Photosynthesis is when plants store carbon as sugar. This carbon often remains in the soil even after the plant dies.
The carbon sink champions are peatlands and marshes. Although they account for around a third the CO2 absorbed from soil worldwide, they are only 3% of the global land area.
Plant debris is able to sink into these wetlands and it becomes slightly acidic. The debris doesn’t decompose in this oxygen-poor environment and instead turns into carbon-storing peat.
The layers beneath the peatlands are exposed to oxygen by draining them. This triggers a process of decomposition that releases CO2. Oxidation Also, nitrous oxide is producedThe greenhouse gas ozone is approximately 300 times more dangerous than carbon.
Peatlands and wetlands around the globe are under threat despite their incredible abilities. Peat forests in Indonesia are being replaced by palm oil plantations. They also are being destroyed through forest fires that generate huge amounts of emissions. Germany has now drained nearly all of its peatlands. Only 0.2% of the original area of 5% remains.
How can dust be used to fight climate change?
Dust, or basalt dust, may improve soil’s ability to store carbon. According to research published in peer-reviewed journals, dust reacts with soil water and CO2 when it is scattered on the fields. Nature Geoscience. These particles then get washed into the oceans and lakes, before being deposited as soil.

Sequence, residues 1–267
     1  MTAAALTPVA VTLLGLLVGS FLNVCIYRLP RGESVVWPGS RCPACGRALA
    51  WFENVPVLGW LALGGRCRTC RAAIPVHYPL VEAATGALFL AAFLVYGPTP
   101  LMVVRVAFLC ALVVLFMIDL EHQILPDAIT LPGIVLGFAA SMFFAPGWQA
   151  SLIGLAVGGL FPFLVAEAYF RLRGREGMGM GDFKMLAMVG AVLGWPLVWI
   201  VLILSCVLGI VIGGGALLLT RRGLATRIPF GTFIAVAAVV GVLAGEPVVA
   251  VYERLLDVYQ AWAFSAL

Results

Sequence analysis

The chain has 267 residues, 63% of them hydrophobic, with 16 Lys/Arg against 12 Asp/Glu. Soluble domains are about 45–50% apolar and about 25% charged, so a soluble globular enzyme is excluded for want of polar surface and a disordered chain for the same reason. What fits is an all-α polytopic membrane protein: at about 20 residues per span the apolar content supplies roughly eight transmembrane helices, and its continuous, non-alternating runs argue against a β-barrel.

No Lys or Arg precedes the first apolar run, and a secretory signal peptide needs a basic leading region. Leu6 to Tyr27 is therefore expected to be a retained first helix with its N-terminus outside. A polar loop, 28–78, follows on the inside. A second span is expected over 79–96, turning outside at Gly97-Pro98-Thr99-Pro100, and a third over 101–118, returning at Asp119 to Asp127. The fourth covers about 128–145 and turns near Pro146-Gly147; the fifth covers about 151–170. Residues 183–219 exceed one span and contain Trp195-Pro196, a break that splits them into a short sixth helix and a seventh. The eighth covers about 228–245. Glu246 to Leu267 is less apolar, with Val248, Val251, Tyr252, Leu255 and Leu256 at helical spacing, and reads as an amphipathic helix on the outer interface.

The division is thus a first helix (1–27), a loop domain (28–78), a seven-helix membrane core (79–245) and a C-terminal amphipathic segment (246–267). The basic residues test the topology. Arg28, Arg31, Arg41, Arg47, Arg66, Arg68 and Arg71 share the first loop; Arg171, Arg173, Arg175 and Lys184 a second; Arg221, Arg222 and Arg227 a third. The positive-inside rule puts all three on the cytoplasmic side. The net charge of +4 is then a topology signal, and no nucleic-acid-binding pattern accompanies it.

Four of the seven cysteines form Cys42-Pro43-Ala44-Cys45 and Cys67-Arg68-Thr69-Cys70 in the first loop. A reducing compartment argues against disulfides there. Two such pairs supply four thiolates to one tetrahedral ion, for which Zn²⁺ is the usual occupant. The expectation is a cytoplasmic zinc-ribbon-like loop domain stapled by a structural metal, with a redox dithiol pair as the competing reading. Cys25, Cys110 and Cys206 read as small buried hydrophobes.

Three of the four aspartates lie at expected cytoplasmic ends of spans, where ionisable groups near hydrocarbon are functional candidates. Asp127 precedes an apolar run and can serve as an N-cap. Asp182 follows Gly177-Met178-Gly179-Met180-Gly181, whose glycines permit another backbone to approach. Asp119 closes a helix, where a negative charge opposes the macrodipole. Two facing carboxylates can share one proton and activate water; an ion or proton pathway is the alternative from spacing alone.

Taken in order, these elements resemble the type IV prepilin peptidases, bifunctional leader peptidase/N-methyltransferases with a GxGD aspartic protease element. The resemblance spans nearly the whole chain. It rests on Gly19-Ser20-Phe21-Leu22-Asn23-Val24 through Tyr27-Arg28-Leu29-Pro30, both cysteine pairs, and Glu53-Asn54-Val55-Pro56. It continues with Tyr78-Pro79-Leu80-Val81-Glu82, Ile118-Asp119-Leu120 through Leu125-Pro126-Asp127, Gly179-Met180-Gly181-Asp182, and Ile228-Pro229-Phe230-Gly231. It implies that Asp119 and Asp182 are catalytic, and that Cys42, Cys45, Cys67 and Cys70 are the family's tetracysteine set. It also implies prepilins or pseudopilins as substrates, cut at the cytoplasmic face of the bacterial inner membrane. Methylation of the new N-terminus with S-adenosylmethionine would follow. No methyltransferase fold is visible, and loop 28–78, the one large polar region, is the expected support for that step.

It can also happen naturally. It happens more quickly in finely ground basalt due to its larger surface area. Basalt also produces minerals that increase plant growth in nutrient-poor areas, which would allow it to store more CO2.
Spreading basalt dust on arable land could increase soil’s carbon storage
If basalt were spread once on an area of arable land, it would be enough to store 2.5 gigatons per year. This is equivalent to India’s annual emission. Others estimate that the climate benefit could be twice as high. Basalt can be obtained easily even without the need for new mines. It is a byproduct of steel and cement production.
The productive seas sink to the ocean
Still, vegetation and soils cannot match the enormous potential of the oceans. The oceans can store as much as 80% of the carbon in the world. They could absorb, theoretically. 95% of greenhouse gases that are human-madeBut this would be too slow.
The annual carbon cycle of trees stores carbon. It takes decades for CO2 particles to sink to the surface and be stored in deep sea. At the same time, carbon concentration at the surface lowers absorption of new emissions.
Cold water absorbs more CO2 then warm water, and oceans’ capacity to absorb carbon dioxide is decreasing as a result.
Are algae farms natural CO2 sinks
However, it is not only the water that can store carbon dioxide: Algae and seagrass also have the ability to do so. Seaweed alone can eliminate CO2 0.173 gigatonsResearchers estimated that there are approximately 1.2 billion tons of carbon in the atmosphere every year, before it sinks to the sea floor. Nature Geoscience.
Companies like Pull to RefreshThey are testing giant kelp farms out at sea to sequester CO2.
How about the price tag?
Nature is helping us to reduce climate change, whether it’s through trees, moors, or oceans. Basalt fertilizer, new forests on land or seaweed could boost the carbon-sucking potential of natural sinks.
However, this comes with a cost. Forests, for example remove carbon from the atmosphere, but at a price of $7.50 to $27 (€6.60 to €23.60) per ton of CO2. Basalt fertilization costs between $80 to $180.
It’s It is cheaper to not burn carbonInsulation, green energy and conservation are the best ways to reduce carbon emissions.
“Cutting emissions are the most important thing we could do. Jared Messinger, World Resources Institute, stated that cutting emissions is the most important thing we can do.
Translated from German by Elliot Douglas